Fink was familiar with Fulp's expertise developing faster scans using parallel processing -- dividing computer data into batches like lines of shoppers going through grocery store checkouts, where each lane is focussed on certain threats.

He invited Fulp and Wake Forest graduate students Wes Featherstun and Brian Williams to join a project there this summer that tested digital ants on a network of 64 computers.

Swarm intelligence, the approach developed by PNNL and Wake Forest, divides up the process of searching for specific threats, says a WFU release.

"Our idea is to deploy 3,000 different types of digital ants, each looking for evidence of a threat," Fulp says.

Fulp introduced a worm into the network, and the digital ants successfully found it. PNNL has extended the project this semester, and Featherstun and Williams plan to incorporate the research into their master's theses.


5 Things you never knew your Cell Phone could do

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There are a few things that can be done in times of grave emergencies. Your mobile phone can actually be a life saver or an emergency tool for survival. Check out the things you can do with it:


The Emergency Number worldwide for Mobile is 112. If you find yourself out of the coverage area of your mobile network and there is an emergency, dial 112 and the mobile will search any existing network to establish the emergency number for you, and interestingly, this number 112 can be dialed even if the keypad is locked. Try it out.

Have you locked your keys in the car?

Does your car have remote keyless entry? This may come in handy someday. Good reason to own a cell phone: If you lock your keys in the car and the spare keys are at home, call someone at home on their cell phone from your cell phone. Hold your cell phone about a foot from your car door and have the person at your home press the unlock button, holding it near the mobile phone on their end. Your car will unlock....Saves someone from having to drive your keys to you. Distance is no object. You could be hundreds of miles away, and if you can reach someone who has the other "remote" for your car, you can unlock the doors (or the trunk).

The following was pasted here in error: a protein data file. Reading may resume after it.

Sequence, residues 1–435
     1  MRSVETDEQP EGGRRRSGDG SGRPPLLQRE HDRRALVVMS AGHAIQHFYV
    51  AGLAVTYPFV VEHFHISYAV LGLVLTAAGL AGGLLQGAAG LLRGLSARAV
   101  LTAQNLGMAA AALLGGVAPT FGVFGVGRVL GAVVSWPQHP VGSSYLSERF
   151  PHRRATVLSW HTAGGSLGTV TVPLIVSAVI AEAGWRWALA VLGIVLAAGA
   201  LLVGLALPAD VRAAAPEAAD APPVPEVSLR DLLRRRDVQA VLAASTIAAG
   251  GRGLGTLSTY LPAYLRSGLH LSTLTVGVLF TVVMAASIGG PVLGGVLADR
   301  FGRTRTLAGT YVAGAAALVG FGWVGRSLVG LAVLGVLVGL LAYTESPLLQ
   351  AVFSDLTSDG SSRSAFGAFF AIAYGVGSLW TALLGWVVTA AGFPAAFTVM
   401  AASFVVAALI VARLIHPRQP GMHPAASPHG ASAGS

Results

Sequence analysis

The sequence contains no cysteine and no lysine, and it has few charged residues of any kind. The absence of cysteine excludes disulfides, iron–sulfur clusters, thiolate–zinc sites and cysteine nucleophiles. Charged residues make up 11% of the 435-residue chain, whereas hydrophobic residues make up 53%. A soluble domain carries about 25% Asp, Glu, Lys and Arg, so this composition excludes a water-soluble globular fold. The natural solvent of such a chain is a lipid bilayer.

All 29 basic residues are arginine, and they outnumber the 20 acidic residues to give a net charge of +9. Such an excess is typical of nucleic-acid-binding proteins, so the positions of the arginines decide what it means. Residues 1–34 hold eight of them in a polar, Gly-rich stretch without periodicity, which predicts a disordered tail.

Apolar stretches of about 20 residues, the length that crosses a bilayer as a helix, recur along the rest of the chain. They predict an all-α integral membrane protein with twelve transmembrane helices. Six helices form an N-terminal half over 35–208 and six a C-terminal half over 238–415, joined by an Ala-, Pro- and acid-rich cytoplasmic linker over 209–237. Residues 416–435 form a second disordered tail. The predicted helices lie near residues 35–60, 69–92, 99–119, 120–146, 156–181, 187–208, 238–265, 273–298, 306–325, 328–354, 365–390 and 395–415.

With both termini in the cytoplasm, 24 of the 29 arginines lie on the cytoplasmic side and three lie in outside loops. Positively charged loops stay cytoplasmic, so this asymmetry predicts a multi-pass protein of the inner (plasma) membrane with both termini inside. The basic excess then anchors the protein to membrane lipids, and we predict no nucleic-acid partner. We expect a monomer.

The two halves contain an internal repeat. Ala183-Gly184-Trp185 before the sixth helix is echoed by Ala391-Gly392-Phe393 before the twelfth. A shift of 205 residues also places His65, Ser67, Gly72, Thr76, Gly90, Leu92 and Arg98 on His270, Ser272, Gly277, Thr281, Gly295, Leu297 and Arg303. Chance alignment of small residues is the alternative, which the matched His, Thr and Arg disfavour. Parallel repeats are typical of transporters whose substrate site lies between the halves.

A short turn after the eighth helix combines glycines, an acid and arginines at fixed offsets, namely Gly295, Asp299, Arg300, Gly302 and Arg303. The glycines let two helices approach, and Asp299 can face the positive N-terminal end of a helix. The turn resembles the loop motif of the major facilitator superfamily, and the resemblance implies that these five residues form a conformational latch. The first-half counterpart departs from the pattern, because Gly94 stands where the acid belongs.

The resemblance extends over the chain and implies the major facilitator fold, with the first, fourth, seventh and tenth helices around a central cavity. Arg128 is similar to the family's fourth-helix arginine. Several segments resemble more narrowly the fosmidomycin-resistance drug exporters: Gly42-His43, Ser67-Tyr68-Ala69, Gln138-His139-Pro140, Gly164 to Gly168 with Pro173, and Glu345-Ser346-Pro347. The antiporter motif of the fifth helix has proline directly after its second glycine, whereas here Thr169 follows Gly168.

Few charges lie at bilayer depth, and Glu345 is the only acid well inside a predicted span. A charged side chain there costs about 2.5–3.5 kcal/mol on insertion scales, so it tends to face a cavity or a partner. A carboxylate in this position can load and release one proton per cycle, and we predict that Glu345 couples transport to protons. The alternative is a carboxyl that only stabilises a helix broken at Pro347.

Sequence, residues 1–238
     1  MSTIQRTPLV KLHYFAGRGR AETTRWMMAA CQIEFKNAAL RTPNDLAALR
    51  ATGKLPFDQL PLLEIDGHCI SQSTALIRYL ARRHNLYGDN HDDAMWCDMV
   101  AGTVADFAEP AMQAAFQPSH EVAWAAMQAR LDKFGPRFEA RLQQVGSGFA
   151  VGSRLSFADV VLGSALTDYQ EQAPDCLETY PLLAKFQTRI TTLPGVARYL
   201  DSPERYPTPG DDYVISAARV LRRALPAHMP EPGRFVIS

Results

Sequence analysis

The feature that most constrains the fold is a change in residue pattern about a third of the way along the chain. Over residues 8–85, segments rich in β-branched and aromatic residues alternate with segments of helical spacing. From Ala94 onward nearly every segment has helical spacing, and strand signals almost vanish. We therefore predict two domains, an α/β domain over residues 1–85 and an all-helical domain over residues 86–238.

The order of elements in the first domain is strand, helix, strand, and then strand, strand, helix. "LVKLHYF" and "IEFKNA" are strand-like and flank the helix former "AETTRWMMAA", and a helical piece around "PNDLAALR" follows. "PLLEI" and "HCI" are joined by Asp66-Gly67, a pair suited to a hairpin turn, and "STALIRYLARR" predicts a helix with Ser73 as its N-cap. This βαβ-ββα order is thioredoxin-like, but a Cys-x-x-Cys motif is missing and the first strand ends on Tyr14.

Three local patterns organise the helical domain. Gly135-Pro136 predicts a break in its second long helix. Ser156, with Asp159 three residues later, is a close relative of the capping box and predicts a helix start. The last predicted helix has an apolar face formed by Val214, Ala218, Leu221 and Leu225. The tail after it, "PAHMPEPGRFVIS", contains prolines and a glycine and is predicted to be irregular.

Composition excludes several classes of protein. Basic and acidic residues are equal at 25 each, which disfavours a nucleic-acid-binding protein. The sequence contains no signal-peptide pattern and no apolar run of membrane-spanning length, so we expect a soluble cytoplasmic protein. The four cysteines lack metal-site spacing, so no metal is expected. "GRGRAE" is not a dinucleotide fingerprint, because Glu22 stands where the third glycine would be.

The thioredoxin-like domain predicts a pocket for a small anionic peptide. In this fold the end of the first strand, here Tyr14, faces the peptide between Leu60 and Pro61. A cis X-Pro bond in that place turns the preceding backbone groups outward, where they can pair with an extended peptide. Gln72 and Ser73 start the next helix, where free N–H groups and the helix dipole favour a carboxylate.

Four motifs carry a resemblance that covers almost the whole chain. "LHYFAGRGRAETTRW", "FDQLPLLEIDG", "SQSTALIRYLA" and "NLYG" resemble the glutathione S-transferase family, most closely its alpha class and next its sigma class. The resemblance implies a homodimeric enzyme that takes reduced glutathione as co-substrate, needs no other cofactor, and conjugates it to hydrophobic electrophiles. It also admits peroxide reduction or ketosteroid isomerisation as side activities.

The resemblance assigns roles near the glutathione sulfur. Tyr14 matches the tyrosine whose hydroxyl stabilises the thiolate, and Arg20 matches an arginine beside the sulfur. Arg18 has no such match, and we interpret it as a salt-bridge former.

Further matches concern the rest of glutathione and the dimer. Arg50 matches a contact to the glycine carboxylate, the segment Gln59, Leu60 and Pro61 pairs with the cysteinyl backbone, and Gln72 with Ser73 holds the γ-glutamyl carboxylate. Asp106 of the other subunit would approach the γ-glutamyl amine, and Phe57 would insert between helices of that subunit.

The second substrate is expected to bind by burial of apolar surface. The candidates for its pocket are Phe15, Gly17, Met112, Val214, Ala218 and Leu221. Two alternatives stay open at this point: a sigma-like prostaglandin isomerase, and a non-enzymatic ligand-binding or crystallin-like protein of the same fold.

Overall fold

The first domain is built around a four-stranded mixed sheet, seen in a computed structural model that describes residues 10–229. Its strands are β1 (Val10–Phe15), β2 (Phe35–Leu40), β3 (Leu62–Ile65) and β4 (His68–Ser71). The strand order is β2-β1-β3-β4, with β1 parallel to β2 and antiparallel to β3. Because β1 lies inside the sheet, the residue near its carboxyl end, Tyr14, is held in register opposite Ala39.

Hidden Battery Power

Imagine your cell battery is very low. To activate, press the keys *3370# Your cell will restart with this reserve and the instrument will show a 50% increase in battery. This reserve will get charged when you charge your cell next time.

How to disable a STOLEN mobile phone?

To check your Mobile phone's serial number, key in the following digits on your phone: * # 0 6 #
A 15 digit code will appear on the screen. This number is unique to your handset. Write it down and keep it somewhere safe. When your phone gets stolen, you can phone your service provider and give them this code. They will then be able to block your handset so even if the thief changes the SIM card, your phone will be totally useless. You probably won't get your phone back, but at least you know that whoever stole it can't use/sell it either. If everybody does this, there would be no point in people stealing mobile phones.

And Finally.....

Free Directory Service for Cells

Cell phone companies are charging us $1.00 to $1.75 or more for 411 information calls when they do not have to. Most of us do not carry a telephone directory in our vehicle, which makes this situation even more of a problem. When you need to use 411 information option, simply dial: (800) FREE 411, or (800) 373-3411 without incurring any charge at all. Program this into your cell phone now. For more such information